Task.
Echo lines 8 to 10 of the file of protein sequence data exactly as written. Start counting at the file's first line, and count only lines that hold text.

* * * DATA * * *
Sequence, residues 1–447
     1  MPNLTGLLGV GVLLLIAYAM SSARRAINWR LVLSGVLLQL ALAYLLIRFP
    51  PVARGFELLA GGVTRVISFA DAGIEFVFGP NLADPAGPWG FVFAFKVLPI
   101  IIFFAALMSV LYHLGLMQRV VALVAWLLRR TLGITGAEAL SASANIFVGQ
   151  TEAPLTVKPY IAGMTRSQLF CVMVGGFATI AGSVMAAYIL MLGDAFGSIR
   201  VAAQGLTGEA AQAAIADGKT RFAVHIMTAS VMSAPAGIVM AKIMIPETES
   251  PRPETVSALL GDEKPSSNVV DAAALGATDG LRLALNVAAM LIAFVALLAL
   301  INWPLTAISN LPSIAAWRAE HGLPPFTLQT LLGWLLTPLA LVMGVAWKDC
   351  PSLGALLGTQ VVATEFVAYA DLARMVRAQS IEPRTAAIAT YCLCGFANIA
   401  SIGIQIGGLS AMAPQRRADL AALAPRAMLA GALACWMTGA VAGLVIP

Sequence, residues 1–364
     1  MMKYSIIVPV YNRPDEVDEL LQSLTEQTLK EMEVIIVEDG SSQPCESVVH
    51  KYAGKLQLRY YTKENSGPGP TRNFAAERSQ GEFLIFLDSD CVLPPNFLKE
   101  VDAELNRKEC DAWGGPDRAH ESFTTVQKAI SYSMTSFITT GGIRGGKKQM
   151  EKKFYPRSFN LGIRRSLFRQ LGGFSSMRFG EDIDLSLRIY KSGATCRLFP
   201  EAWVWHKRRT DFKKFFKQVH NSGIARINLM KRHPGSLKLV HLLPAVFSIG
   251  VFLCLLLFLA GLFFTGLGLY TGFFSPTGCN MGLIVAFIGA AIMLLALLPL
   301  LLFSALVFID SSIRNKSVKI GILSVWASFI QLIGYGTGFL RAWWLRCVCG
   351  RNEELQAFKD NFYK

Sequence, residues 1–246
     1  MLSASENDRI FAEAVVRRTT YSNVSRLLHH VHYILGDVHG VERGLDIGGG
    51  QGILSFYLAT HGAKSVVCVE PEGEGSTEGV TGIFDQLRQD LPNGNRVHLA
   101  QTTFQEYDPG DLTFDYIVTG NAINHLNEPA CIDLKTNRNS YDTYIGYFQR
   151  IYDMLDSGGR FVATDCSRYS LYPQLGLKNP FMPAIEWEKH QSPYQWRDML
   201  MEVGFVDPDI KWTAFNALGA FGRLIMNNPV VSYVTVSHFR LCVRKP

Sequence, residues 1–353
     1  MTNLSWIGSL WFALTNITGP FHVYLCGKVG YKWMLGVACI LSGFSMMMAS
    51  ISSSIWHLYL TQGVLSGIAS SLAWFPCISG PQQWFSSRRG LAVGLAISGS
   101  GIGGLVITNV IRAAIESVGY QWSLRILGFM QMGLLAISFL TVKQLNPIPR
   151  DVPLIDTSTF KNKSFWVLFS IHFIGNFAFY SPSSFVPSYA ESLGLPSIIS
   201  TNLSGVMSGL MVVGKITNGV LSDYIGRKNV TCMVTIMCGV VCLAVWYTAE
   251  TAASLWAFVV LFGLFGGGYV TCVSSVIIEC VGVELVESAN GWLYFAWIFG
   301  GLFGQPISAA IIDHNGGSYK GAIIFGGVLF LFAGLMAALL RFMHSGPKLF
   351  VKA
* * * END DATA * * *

   301  INWPLTAISN LPSIAAWRAE HGLPPFTLQT LLGWLLTPLA LVMGVAWKDC
   351  PSLGALLGTQ VVATEFVAYA DLARMVRAQS IEPRTAAIAT YCLCGFANIA
   401  SIGIQIGGLS AMAPQRRADL AALAPRAMLA GALACWMTGA VAGLVIP